Date of Award

Summer 2006

Document Type

Thesis

Degree Name

Master of Science in Mechanical Engineering - (M.S.)

Department

Mechanical Engineering

First Advisor

Anthony D. Rosato

Second Advisor

Pushpendra Singh

Third Advisor

Ian Sanford Fischer

Abstract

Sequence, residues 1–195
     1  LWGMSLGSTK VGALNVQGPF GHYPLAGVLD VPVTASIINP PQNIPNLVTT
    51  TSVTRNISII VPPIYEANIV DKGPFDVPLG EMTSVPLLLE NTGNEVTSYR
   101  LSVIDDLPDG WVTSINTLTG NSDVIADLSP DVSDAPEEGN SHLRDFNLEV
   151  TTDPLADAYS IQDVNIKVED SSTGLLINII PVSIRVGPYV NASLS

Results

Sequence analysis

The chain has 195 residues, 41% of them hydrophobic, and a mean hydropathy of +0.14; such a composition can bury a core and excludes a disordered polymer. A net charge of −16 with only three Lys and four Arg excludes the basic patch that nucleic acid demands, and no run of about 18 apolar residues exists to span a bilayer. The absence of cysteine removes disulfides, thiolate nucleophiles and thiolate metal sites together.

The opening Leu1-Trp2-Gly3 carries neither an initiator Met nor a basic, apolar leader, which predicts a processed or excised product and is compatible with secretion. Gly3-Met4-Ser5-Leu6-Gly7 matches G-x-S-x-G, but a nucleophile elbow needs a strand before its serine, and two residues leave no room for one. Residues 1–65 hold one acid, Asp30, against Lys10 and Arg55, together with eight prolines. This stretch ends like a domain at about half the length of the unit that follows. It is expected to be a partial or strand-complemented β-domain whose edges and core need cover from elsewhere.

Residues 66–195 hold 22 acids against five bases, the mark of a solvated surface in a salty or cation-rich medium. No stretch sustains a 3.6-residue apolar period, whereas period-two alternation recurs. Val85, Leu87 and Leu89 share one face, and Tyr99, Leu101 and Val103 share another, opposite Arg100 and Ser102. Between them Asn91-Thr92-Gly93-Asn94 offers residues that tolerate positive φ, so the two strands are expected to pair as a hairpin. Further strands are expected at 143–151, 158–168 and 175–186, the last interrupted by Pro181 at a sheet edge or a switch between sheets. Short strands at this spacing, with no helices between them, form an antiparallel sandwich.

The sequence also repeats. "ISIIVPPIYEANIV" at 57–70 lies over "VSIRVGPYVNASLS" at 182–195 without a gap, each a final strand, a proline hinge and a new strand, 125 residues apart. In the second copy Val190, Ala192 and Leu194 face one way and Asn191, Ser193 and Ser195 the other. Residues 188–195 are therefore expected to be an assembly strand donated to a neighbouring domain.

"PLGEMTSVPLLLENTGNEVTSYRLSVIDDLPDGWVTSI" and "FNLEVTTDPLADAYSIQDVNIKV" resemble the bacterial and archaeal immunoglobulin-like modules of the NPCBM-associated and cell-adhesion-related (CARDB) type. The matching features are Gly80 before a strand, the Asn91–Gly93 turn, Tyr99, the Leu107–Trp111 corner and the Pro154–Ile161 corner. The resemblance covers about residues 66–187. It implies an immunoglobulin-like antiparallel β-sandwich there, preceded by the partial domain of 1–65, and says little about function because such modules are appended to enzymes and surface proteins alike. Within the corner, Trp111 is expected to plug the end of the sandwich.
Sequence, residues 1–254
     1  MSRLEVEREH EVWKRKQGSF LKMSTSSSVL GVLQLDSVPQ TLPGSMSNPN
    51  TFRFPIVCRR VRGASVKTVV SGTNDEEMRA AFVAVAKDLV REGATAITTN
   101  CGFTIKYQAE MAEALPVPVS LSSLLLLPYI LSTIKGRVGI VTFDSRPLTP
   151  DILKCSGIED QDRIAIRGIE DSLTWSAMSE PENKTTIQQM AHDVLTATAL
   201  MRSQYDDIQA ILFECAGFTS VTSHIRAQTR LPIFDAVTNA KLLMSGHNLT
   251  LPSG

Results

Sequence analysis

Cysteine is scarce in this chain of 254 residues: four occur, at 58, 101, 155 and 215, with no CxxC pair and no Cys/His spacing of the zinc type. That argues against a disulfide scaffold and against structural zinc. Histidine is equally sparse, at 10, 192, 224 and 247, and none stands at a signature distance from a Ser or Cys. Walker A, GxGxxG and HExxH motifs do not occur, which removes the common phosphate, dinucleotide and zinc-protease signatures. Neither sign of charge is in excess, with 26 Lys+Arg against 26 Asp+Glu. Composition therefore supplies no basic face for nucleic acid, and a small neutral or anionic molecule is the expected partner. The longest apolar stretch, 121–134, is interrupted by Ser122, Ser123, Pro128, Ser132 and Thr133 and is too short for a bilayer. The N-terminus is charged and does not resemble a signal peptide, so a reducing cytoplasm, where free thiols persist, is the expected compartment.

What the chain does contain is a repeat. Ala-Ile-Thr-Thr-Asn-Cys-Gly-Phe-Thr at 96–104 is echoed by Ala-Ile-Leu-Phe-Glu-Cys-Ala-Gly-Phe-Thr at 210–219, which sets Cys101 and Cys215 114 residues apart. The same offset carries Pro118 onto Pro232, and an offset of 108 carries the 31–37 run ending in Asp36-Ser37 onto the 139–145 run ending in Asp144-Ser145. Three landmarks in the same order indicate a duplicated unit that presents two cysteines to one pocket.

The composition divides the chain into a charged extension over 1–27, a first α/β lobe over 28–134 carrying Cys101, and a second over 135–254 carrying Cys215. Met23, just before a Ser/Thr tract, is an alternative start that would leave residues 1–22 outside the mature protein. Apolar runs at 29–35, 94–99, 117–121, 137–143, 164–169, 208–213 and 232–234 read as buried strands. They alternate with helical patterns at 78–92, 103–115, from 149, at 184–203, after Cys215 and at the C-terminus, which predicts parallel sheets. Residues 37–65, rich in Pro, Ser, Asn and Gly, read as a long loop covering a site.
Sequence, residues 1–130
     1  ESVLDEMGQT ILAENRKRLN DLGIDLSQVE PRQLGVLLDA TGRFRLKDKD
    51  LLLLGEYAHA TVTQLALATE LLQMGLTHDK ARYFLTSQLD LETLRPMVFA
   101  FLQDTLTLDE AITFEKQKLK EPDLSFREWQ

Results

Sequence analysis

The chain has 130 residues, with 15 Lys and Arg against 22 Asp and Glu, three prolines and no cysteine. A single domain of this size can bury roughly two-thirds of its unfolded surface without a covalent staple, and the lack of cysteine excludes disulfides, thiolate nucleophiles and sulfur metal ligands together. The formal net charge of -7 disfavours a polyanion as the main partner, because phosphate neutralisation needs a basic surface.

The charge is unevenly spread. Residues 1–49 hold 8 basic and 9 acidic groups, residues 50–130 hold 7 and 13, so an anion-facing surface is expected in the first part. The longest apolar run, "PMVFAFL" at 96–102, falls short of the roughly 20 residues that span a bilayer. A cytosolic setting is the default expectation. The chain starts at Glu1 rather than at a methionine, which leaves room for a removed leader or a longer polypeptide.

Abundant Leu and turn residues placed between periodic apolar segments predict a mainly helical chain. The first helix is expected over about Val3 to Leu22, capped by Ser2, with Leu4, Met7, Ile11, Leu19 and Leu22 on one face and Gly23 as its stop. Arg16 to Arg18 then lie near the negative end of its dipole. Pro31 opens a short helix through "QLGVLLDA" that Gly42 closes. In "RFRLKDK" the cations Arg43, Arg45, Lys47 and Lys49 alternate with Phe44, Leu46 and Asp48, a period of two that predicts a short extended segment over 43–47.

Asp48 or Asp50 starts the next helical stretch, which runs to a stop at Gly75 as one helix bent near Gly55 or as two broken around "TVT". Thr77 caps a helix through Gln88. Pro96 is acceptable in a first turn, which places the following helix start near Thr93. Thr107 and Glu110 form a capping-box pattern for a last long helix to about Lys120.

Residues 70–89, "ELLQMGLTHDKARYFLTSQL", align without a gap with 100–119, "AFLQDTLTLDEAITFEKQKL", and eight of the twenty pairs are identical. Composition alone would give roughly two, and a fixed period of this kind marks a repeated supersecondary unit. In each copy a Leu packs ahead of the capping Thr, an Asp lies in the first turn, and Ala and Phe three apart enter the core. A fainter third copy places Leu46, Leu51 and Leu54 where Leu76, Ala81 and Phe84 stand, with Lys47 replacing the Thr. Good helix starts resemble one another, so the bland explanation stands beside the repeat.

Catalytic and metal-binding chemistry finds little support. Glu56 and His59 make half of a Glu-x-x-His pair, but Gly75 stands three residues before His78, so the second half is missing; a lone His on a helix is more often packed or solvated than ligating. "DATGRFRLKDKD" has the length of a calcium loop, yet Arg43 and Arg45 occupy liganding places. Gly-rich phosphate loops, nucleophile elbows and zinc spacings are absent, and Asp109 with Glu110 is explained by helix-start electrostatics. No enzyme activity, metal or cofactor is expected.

At the end of the 19th century, H. A. Janssen discovered that the bottom floor pressure in a cylindrical container of granular material asymptotes exponentially to a value less than the weight of the material i.e., the pressure becomes independent of the fill height of the column. This phenomenon is investigated using discrete element simulations of inelastic, frictional spheres in a cylindrical vessel having a particle-to-cylinder diameter ratio at approximately 13.3 or 26.6, with varying bed heights in both cases. The axial pressure profile and the load experienced by a piston that is supporting the granular column are computed. In order to activate frictional forces at the wall contacts either the piston (or equivalently the cylinder wall), is slowly displaced at a rate so as to maintain quasi-static conditions. Various combinations of wall and inter-particle friction coefficients are examined. The simulated behavior of the load vs. fill level was found to fit well to the functional form of Janssen's theory. Moreover, quantitative comparisons are in agreement with experimental measurements from the literature. Results are critically discussed in the framework of the assumptions implicit in Janssen's theory.

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